Care and Culturally Responsive Pedagogy

Related people and/or projects: Implementing Remote Experiential Learning

Looking for ways to support students who finds learning in English challenging? Consider the Care and Culturally Reponsive Pedagogy.

The 14th University of Toronto Teaching and Learning Symposium hosted by the Centre for Teaching Support & Innovation focused on humanizing pedagogy, reflecting the past year of teaching online, and practices that we can keep for the post-pandemic era. There are two other blog posts on the symposium:

In the session, “The Efficacy of Care and Culturally Responsive Pedagogy for at-Risk Students in Online Learning and Teaching” by Dr. Xiangying Huo and Dr. Elaine Khoo, they discussed the Care and Culturally Responsive Pedagogy and how it is implemented through the Reading and Writing Excellence (RWE) Program at University of Toronto Scarborough. This pedagogy, along with the model of the RWE Program can be adapted to engineering education. A handout was shared during the session for attendees to collaborate on ideas about the Care and Culturally Responsive Pedagogy. 

This post will introduce you to:

The RWE Program

The RWE program includes 40-min reading and 20-min writing each day and a 30-min tutor meeting every two weeks. The materials used for reading and writing are typically drawn from the course material which is thoughtful since it will help students in both improving their linguistic skills and succeeding in their academic course. You can learn more about the program in the following resources: 

Closer to home, there is FASE's Engineering Communication Program, which features Professional Language Development Tutoring. It is designed to assist students with using English, specifically in the engineering context. For vocabulary-intensive engineering courses, such as biology, the instructor may consider designing a breakdown of the vocabulary, similar to that of the RWE program to help students familiarize themselves with the terminology progressively. This would be particularly helpful considering the difference in exposure to biology among students.

Six strategies of Care and Culturally Responsive Pedagogy:

1. Cultural Bridging - focuses on the students’ life experiences and existing knowledge and how they can be help students learn and adapt to the new environment and challenges they will be facing in the future.

  • Example: supplementary video content

This is an ideal format to add additional information to lecture material. It could be videos that explain the course concepts from a different perspective, or optional videos that would extend the students’ knowledge on the subject. This would also be a good place to introduce applications of the concepts discussed in lecture, especially in the global context, reflecting the culturally responsive part of the pedagogy.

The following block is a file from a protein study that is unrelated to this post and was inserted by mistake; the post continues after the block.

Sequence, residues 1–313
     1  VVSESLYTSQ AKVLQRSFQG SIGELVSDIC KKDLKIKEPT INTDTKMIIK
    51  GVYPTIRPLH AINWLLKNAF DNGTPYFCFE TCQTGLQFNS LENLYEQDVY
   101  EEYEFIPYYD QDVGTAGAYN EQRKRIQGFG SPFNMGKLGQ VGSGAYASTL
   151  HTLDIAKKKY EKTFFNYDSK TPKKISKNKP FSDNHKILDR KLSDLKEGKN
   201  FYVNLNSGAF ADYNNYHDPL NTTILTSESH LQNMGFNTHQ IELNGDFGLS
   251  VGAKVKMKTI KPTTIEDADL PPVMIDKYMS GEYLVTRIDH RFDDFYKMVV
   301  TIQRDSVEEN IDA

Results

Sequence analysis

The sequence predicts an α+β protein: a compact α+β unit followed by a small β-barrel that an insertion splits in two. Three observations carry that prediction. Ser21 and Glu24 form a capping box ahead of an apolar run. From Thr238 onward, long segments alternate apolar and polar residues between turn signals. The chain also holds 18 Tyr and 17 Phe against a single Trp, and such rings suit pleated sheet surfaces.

2. Personalized Feedback - aims to track a student’s individual progress. 

  • Example: using the Quercus Inbox function to provide feedback

It is hard to provide individual feedback in large courses. One of my instructors used the Inbox function on Quercus to follow up on tutorials. The message was sent to specific tutorial group asking for feedback and experience, reflecting the Care and Culturally Responsive Pedagogy, especially the “personalized feedback” strategy.

3&4. High Motivation, Learner Autonomy and Empowerment - both High Motivation and Learner Autonomy and Empowerment are about encouragement and building confidence in the student. Pages 16 and 17 of the slidedeck contain descriptions of the strategies and their implication on student experience.

Techniques used to exercise these strategies include (taken from the session and the handout):

  • In one-on-one conversations: identify the student’s own interests and values; provide positive feedback before giving suggestions for improvements
  • In class: utilize a mix of different content delivery methods (e.g. visual, text, etc.) to aid the learning of students with different learning styles; use stories of role models to inspire and stimulate interest in learning a subject

5. Teachers as Facilitators - as Dr. Huo and Dr. Khoo stated in the presentation, it is not about what we do for the students, but more importantly, what we do with the students. 

  • Example: creating mini quizzes and/or let the students create questions and answer each other’s questions

Both the quizzes and the activities of creating and answering questions are effective ways to help students keep on track with the course material, especially in the online learning environment. In my opinion, the weekly quizzes in one of my courses really helped me stay on top of the course concepts and practice problems. It is also a good idea to use the quizzes to decrease weight on midterms and final exams, releasing some stress from the students.

6. Humanize Learning - is an integration of the first five strategies. 

  • Example: having detailed solutions to practice problems

Some instructors may decide to give only the final answer in the interest of encouraging students to think on their own instead of just looking at the answer. However, this would likely results in students spending time and trying to figure out questions they could not solve, or making TAs very busy answering the students’ questions. One may consider publishing solutions on a certain date to help students prepare for evaluations while guiding them to think independently on problem sets. Please see these instructions on how to add files to a course module and how to lock a module until a certain date

Now it's a good time to review the blog post written by Alli, “EngSci’s Top 10 Recommendations for Online Learning” in January 2021 and see how some suggestions was implemented in the Winter 2021 term. 

Additional Resources from the Symposium:

Article Category: Student Perspectives